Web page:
As the acuity and complexity of long-term care residents has increased, the responsibilities of the Director of Nursing (DON) have also escalated significantly. The duties of the DON are not just clinical in nature, they also involve regulatory, reimbursement, and legal aspects of facility operations as well. It is virtually impossible for the DON to accomplish all of the tasks that must be performed on a day-to-day basis; therefore, proper delegation of duties is essential to DON success.

  1. A critical component of successful delegation of duties is understanding and applying the concept of “autonomy with accountability”. When tasks are divided among members of the nursing team, the DON must make every effort to assign specific tasks based on the strengths and competencies of the team members. When tasks are allocated to the nursing team member who has established competency in the area assigned, they are much more likely to feel comfortable and be successful with the task. The DON must ensure that all of the necessary education and tools are provided to the team member to enhance their success, and then should allow them the autonomy to take over the responsibility. Micro-management will not instill confidence; however, there must be opportunities to meet to discuss outcomes to ensure accountability, identify gaps in performance, and provide any necessary follow up education or resources. There must also be clear direction that questions are welcome and encouraged to ensure understanding and process effectiveness. Proactive resources for competency development include the Nursing Skills Competency Toolkit and SNF Staff Department Competency Checklist and Standards of Care webinar package.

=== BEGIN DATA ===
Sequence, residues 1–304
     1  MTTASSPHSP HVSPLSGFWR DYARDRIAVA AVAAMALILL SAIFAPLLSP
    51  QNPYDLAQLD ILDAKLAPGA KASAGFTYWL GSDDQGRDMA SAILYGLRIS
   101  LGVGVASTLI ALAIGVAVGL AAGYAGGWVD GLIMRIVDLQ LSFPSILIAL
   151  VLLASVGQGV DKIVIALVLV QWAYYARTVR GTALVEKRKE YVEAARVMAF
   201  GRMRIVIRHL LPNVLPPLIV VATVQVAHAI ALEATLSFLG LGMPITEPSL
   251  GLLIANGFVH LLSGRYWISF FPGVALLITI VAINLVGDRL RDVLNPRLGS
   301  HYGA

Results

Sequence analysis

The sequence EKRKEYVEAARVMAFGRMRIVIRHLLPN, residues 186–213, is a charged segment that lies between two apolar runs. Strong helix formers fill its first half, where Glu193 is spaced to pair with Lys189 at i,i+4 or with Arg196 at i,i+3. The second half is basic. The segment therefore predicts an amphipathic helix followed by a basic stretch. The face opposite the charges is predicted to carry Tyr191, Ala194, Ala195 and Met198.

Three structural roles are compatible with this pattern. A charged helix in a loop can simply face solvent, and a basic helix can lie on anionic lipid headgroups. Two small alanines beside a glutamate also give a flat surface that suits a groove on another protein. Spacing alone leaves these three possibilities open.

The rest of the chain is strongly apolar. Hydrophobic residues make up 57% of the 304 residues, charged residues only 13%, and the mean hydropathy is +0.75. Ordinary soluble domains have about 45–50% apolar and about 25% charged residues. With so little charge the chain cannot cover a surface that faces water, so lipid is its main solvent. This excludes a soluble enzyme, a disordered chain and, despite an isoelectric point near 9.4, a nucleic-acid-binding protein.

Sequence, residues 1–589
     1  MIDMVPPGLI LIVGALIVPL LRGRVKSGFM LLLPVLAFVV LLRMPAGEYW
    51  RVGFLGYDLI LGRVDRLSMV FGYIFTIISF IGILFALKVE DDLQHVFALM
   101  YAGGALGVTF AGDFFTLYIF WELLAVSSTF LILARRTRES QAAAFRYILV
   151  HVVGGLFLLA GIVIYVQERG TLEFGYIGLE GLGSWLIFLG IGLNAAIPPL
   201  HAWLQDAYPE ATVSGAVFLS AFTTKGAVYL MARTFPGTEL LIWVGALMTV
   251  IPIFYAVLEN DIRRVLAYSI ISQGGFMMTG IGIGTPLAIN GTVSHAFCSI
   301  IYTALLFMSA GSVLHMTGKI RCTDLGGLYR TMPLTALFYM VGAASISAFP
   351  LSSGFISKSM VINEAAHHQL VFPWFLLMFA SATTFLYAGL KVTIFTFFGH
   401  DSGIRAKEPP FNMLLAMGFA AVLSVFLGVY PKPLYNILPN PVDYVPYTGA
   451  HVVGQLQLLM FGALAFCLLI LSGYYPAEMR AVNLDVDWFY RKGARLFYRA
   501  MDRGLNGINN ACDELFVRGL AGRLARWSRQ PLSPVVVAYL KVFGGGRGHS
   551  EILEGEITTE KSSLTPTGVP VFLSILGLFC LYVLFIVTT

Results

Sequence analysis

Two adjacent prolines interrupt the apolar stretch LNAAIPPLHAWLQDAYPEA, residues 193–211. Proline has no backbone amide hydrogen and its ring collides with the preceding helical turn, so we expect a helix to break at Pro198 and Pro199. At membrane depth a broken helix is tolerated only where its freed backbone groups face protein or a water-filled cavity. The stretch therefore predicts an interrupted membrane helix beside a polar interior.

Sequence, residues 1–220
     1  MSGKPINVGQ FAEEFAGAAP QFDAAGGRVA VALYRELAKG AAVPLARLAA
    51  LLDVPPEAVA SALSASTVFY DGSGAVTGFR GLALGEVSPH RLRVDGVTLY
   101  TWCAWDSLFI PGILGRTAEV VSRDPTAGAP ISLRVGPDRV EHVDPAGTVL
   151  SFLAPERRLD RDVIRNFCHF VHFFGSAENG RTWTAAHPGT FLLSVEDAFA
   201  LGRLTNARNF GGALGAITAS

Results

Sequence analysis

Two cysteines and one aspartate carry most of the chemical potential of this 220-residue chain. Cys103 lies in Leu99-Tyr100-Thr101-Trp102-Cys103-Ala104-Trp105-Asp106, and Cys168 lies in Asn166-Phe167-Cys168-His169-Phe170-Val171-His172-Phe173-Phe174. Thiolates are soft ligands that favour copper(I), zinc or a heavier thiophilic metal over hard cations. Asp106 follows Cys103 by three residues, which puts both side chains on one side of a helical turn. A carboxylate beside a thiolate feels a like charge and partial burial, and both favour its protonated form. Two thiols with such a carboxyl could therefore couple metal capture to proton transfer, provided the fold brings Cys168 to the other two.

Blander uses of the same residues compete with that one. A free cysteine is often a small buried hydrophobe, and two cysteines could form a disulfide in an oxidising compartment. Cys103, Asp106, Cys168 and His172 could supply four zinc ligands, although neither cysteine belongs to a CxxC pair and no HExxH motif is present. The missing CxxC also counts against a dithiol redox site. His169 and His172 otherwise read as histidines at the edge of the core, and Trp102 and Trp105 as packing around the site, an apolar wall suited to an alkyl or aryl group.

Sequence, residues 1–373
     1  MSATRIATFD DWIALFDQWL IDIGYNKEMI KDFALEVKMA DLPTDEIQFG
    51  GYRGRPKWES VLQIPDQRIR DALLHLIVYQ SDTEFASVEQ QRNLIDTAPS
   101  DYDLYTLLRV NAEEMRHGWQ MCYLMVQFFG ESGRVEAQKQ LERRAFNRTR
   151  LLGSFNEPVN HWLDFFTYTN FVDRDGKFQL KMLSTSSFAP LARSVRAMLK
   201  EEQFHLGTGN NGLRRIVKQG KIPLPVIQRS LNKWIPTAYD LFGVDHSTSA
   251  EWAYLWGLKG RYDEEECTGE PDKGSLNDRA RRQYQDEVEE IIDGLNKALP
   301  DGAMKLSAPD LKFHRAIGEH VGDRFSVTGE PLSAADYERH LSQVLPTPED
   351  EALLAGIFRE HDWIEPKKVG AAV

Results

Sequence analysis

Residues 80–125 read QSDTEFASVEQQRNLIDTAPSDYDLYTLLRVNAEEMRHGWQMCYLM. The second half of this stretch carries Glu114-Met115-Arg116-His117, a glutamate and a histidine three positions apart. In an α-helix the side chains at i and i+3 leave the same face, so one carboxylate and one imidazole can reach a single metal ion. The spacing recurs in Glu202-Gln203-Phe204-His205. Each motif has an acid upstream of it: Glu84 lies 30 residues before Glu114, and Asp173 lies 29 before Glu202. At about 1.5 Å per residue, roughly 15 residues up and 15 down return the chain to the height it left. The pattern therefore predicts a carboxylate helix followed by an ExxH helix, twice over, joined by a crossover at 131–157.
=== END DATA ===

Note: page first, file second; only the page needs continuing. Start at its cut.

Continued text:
2. The next critical component of successful delegation of duties is to make certain that all duties assigned to the nursing team members have assigned “back-up” for that team member. Cross training of the nursing team members gives them opportunity for growth, as well as ensures that tasks can be completed even when the team member with the primary assignment for the duty is not available. It also reduces the risk of incomplete tasks for extended periods of time when team members leave employment at the facility.
  3. Having a task list to review with the nursing team members can be an invaluable resource for the delegation process. Each team member can voice their areas of strength and preference, as well as what they will need in the way of training and tools. The back-up assignments can be established, along with a schedule and process for cross-training. The assignments can be documented on the list, and a copy provided to each team member for reference. It would also be beneficial to have each team member sign a copy of the assignment list for the DON to keep on file to support the acknowledgement of the nursing team members in accepting their assignments.


Access a complimentary sample Delegation of Duties list, and for more information and strategies for DON success, make plans to join Proactive for the Dynamic DON virtual workshops on March 26th and 28th. This workshop focuses on skill building for serving effectively as DON, with emphasis on leadership, staff engagement, nursing operations and systems of care.




Janine Lehman RN, RAC-CT, CLNC
Director of Legal Nurse Consulting

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